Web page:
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Tuesday, August 4, 2020

Coronavirus Update 8-4-2020: NY federal judge invalidates key parts of FFCRA regulations


Yesterday, a New York federal judge issued an order invalidating several key aspects of the Department of Labor's regulations interpreting the paid sick leave and expanded FMLA provisions of the Families First Coronavirus Response Act.

Judge J. Paul Oetken of the United States District Court for the Southern District of New York found that the DOL exceeded its authority in enacting each of the following of the DOL's regulatory interpretations of the FFCRA:

  1. That an employer that does not have work available is excused from providing FFCRA leave.
  2. That an employer can impose a broad definition of "health care provider" to include any employee who is essential to maintaining a functioning healthcare system during the pandemic.
  3. That an employer must consent and agree to an employee taking intermittent leave for a childcare-related FFCRA absence.
  4. That an employee must provide notice as a precondition for taking FFCRA leave.

What does the mean? At least in the Southern District of New York:

  1. Covered employers must provide FFCRA leave to employees even if work is not otherwise available (e.g., to furloughed employees).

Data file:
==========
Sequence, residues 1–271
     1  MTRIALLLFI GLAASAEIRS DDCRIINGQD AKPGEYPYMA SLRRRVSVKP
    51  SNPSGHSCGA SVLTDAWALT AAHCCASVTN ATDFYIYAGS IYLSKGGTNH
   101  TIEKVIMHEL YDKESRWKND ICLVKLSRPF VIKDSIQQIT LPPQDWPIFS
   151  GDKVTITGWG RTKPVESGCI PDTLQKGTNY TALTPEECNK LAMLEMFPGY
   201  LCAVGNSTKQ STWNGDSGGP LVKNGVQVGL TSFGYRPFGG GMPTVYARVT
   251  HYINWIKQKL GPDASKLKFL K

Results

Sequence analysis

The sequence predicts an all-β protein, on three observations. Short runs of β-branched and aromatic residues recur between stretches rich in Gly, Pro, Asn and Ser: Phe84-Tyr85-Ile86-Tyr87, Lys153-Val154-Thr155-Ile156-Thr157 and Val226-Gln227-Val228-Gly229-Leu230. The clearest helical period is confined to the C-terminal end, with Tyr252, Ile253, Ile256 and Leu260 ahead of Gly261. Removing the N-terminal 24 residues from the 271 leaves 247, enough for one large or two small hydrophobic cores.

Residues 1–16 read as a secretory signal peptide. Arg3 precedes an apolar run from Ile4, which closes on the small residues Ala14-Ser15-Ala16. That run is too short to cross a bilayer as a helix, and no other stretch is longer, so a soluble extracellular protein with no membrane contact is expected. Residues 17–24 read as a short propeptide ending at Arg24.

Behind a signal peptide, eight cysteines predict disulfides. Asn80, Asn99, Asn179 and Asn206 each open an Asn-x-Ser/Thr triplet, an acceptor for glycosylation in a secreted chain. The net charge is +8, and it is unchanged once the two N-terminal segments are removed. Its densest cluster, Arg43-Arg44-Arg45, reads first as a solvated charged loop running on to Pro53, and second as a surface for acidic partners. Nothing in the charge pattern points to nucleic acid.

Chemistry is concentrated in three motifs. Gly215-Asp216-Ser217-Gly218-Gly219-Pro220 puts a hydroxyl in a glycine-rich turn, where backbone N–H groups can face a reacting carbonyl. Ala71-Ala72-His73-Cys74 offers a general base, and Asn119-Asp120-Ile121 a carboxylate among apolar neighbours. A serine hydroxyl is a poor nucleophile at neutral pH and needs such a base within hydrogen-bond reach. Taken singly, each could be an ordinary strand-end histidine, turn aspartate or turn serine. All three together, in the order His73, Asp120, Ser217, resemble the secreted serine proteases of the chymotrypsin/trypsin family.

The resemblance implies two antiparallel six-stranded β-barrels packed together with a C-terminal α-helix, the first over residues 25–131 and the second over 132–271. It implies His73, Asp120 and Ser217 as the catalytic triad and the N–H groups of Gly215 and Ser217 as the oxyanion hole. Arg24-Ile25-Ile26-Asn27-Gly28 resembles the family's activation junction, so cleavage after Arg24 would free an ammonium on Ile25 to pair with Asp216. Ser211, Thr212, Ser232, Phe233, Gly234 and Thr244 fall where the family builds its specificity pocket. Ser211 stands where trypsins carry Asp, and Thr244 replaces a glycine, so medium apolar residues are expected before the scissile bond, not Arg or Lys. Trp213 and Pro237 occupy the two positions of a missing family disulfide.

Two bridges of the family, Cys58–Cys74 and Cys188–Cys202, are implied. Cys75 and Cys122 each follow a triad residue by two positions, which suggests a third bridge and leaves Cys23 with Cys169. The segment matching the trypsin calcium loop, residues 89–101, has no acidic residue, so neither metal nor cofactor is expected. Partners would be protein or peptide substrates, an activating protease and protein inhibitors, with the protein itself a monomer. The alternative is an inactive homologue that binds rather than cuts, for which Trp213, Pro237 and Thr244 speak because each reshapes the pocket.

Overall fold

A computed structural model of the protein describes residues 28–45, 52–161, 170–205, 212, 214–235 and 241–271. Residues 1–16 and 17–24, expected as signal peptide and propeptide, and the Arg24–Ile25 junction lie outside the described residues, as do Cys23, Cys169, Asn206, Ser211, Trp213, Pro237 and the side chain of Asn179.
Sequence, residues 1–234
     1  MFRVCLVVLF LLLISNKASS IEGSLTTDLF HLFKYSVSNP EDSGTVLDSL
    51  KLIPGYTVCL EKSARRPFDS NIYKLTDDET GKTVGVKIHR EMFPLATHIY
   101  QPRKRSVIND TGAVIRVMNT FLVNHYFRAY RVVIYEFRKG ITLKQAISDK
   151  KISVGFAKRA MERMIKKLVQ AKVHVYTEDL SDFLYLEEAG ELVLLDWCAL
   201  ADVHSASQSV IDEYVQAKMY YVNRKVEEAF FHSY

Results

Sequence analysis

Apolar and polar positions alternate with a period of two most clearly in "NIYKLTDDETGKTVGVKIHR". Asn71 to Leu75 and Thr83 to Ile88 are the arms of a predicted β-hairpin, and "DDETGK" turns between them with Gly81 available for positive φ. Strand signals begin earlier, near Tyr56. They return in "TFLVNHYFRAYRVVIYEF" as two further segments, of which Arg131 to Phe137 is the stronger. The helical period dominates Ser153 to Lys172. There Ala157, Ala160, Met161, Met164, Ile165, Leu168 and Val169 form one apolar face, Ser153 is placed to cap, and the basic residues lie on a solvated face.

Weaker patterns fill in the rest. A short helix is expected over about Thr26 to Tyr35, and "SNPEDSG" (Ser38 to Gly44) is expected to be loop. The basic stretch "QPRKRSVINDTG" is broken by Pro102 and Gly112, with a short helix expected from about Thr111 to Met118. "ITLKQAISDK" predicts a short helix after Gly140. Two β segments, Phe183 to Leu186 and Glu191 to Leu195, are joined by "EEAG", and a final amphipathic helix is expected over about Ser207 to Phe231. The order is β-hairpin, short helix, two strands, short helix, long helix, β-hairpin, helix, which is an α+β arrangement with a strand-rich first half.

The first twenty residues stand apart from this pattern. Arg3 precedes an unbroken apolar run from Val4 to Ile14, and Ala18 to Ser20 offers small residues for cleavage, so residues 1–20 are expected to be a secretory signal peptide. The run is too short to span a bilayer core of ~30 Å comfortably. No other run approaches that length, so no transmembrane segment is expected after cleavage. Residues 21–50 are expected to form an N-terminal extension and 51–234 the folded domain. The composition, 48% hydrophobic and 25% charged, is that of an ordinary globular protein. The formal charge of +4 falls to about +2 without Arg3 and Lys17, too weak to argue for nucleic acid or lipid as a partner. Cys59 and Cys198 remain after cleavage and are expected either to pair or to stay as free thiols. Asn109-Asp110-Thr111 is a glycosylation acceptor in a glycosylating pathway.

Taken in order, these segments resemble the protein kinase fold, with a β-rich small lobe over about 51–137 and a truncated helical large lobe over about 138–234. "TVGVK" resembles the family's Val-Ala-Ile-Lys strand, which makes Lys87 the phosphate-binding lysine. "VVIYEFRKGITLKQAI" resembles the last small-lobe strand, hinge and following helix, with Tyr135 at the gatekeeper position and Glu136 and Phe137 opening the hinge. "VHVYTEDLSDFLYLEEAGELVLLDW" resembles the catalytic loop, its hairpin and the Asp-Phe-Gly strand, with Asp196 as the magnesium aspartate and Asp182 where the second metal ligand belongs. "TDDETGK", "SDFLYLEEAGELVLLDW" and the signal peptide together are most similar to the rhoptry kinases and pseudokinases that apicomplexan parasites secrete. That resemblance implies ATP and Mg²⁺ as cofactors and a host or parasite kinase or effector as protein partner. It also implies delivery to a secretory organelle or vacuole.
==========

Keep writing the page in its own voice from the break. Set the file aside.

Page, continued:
2. Employees who are not "capable of providing healthcare services" cannot qualify as a health care provider exempt from the FFCRA.
  3. Employers cannot restrict or limit employees from choosing to take intermittent FFCRA leave for childcare-related absences.
  4. Employers cannot require notice as a precondition for taking FFCRA leave and instead must allow employees to provide notice as practical for emergency FMLA leave and after the first workday (or portion thereof) for paid sick leave.

What doesn't this mean? Do employers outside the Southern District of New York have to follow this order? There is no indication that this order reaches beyond the boundaries of that judicial district. Regardless, this is an interesting and noteworthy development, particularly if other states follow suit and try to convince other courts similarly, or if the DOL modifies it regulations as a result.

* Image by jacqueline macou from Pixabay